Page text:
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Lymphadenitis is a condition in which your lymph nodes become inflamed. When the condition affects the lymph nodes in the membrane that connects your bowel to the abdominal wall (mesentery), it's called mesenteric lymphadenitis (mez-un-TER-ik lim-fad-uh-NIE-tis).
A viral intestinal infection is the usual cause of mesenteric lymphadenitis, also known as mesenteric adenitis. It mainly affects children and teens.
This painful condition can mimic appendicitis or a condition in which part of the intestine slides into another part of the intestine (intussusception). Unlike appendicitis or intussusception, mesenteric lymphadenitis is seldom serious and usually clears up on its own.
Possible signs and symptoms of mesenteric lymphadenitis include:
Abdominal pain, often centered on the lower right side, but the pain can be more widespread
General abdominal tenderness
Mesenteric lymph node enlargement
Depending on what's causing the ailment, signs and symptoms might also include:
Nausea and vomiting
When to see a doctor
Abdominal pain is common in children and teens, and it can be hard to know when it requires medical attention.
Call your doctor right away if your child has episodes of:
Sudden, severe abdominal pain
Abdominal pain with fever
Abdominal pain with diarrhea or vomiting
In addition, call your doctor if your child has episodes of the following signs and symptoms that don't get better over a short time:
Abdominal pain with a change in bowel habits
Abdominal pain with loss of appetite
Abdominal pain that interferes with sleep
The most common cause of mesenteric lymphadenitis is a viral infection, such as gastroenteritis — often called stomach flu. This infection causes inflammation in the lymph nodes in the thin tissue that attaches your intestine to the back of your abdominal wall (mesentery).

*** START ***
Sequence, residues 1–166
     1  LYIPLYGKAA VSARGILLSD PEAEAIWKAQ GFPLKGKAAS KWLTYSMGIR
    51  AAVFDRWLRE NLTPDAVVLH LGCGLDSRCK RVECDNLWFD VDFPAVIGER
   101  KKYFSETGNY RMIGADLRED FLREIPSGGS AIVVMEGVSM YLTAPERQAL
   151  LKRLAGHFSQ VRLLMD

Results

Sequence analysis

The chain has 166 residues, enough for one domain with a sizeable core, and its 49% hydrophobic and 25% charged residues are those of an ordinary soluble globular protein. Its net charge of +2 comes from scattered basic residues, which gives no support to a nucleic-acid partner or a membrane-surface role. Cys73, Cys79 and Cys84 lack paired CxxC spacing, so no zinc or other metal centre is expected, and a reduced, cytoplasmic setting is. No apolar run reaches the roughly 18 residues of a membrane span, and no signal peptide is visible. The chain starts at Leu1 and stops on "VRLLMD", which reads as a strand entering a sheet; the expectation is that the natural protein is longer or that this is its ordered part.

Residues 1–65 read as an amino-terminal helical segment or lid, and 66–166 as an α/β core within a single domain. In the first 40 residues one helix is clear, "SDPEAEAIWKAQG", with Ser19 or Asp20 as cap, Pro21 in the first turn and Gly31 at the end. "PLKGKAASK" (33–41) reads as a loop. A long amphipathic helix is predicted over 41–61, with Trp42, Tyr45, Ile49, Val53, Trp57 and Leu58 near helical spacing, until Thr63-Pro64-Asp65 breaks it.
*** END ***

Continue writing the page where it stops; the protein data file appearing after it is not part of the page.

Other causes of mesenteric lymphadenitis include bacterial infection, inflammatory bowel disease and lymphoma.
To diagnosis your child's condition, your doctor will ask your child's medical history and perform an exam. Tests might include:
Blood tests. Certain blood tests can help determine whether your child has an infection and what type of infection it is.
Imaging studies. An abdominal ultrasound is often used to diagnose mesenteric lymphadenitis. A CT scan of your child's abdomen also might be used.
Mild, uncomplicated cases of mesenteric lymphadenitis and those caused by a virus usually go away on their own, although full recovery can take four weeks or more.
For treatment of fever or pain, consider giving your child infants' or children's over-the-counter fever and pain medications such as acetaminophen (Tylenol, others) or ibuprofen (Advil, Motrin, others) as a safer alternative to aspirin.
Use caution when giving aspirin to children or teenagers. Though aspirin is approved for use in children older than age 3, children and teenagers recovering from chickenpox or flu-like symptoms should never take aspirin. This is because aspirin has been linked to Reye's syndrome, a rare but potentially life-threatening condition, in such children.
Antibiotics might be prescribed for a moderate to severe bacterial infection.
Lifestyle and home remedies
For the pain and fever of mesenteric lymphadenitis, have your child:
Get plenty of rest. Adequate rest can help your child recover.
Drink fluids. Liquids help prevent dehydration from fever, vomiting and diarrhea.
Apply moist heat. A warm, moist washcloth applied to the abdomen can help ease discomfort.
Preparing for an appointment
If your child has signs and symptoms common to mesenteric lymphadenitis, make an appointment with your family doctor or a pediatrician. Here's some information to help you get ready for your appointment.
What you can do
Make a list of:
Your child's symptoms, including nonabdominal symptoms and when they began. If possible, take your child's temperature several times before your appointment and record the results.
Your child's key medical information, including other health conditions and the names of all medications, vitamins and supplements your child is taking, including doses. Also bring a record of your child's recent vaccinations.
Questions to ask your doctor.
For possible mesenteric lymphadenitis, some questions to ask include:
What's the likely cause of my child's condition? Are there other possible causes?
What tests does my child need?
Is my child at risk of complications from this condition?
Does my child need treatment? If this is due to an infection, should my child take antibiotics?
What can I do to help make my child more comfortable? What foods should my child avoid?
What signs or symptoms should prompt me to call you while my child is recovering?
Is my child contagious?
When can my child return to school?
What to expect from your doctor
Your child's doctor might ask:
Where is the pain?
Has the pain moved from one part of your child's abdomen to another part?
How severe is the pain? Does your child cry with pain?
What makes the pain more severe?
What helps relieve the pain?
Has your child had similar problems before?
Do other children in your family or at school or child care have similar symptoms?